Poster’s research provides an intriguing glimpse of the tricky negotiation of online space that presupposes (one might think, paradoxically) a homogenous grouping of coherent queer female subjects. And although it is critical to affirm the difficulty, innumerable obstacles, and hence, the social and cultural importance for queer women to “take up space,” this research leaves unanswered the question of the cost of a “politics of recognition” (Fraser, 2000; Markell, 2003; Taylor, 1994) to the opportunities for participation that remain for those who “pass the test.” As Wakeford (2000, p. 413) observes, “There is a disturbing silence on the issue of ability to perform identities once users are in a cyberqueer space. . . . The question might not be ‘Are you lesbian?’ but ‘Are you lesbian enough?’ to participate.”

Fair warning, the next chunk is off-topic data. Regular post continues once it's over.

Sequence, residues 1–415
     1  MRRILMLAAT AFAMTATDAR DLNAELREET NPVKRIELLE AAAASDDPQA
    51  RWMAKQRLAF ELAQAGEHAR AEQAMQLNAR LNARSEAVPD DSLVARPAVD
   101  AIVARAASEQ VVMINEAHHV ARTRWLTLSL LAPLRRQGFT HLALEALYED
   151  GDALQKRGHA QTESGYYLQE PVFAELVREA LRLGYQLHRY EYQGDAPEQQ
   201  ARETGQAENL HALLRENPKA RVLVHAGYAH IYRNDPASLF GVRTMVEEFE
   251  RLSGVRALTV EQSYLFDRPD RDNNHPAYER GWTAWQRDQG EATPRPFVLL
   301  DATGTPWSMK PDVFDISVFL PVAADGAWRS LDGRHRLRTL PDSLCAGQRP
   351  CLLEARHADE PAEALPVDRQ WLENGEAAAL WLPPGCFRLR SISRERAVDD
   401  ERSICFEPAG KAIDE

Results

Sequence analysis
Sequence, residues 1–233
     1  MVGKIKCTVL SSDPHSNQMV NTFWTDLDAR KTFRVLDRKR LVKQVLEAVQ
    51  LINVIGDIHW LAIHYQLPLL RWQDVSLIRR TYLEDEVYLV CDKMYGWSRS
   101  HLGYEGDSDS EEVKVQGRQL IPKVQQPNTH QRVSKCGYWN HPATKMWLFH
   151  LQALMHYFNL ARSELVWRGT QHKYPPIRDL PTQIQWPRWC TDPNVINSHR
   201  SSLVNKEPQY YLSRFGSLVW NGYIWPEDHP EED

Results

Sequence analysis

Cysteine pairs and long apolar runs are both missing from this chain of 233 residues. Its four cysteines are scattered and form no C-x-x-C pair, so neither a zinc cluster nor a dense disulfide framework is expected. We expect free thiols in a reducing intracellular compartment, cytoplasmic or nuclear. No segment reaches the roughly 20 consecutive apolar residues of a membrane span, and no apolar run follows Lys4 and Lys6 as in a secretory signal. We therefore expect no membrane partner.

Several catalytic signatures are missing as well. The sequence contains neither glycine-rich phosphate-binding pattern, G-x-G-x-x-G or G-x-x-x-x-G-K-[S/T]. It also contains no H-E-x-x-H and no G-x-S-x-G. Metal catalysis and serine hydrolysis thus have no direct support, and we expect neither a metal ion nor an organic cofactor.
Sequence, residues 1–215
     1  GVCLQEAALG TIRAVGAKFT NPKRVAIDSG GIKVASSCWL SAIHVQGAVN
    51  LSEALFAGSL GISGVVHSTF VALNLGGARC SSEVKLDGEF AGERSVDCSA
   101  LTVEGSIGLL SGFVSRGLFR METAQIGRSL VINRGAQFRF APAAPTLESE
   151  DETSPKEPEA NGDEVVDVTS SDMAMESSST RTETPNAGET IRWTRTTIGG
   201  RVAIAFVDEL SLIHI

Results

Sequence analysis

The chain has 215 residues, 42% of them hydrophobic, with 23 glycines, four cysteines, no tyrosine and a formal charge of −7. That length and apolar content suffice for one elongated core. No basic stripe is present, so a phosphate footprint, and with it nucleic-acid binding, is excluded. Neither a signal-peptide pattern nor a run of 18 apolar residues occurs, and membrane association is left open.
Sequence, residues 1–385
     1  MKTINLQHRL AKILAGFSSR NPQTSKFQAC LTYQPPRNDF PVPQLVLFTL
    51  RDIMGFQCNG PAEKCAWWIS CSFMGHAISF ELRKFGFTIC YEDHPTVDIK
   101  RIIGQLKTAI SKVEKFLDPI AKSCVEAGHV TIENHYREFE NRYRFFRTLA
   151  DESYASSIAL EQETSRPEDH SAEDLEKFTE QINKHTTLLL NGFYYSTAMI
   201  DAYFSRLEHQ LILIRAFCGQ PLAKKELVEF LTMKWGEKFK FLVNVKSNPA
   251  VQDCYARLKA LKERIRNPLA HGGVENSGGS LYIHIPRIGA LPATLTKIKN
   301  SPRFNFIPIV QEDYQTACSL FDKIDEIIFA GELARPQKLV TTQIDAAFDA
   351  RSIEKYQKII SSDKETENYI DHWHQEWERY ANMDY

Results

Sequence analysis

Wincapaw’s (2000) research on participants in lesbian and bisexual women’s e-mail lists provides an important analysis of the limits to identificatory mobility in virtual locations. Respondents to a survey distributed across a variety of queer women’s e-lists provided extensive validation for the observation that any community that is organized in relation to an articulation of a marginalized identity that presupposes assumptions of homogeneity will re-inscribe exclusionary practices, even as it also provides a welcome relief from the multiple violences that accrue to members of marginalized sexual and/or gendered subcultures (Mason, 2002). In accounting for the value of participation in same-sex e-mail lists, subscribers emphasized the importance of “safety,” “freedom from homophobia,” “interaction in a women-only space,” and “distance from men.” However, respondents whose identificatory practices marked them as “different” in these locations experienced exclusion, non-recognition, and a lack of belonging.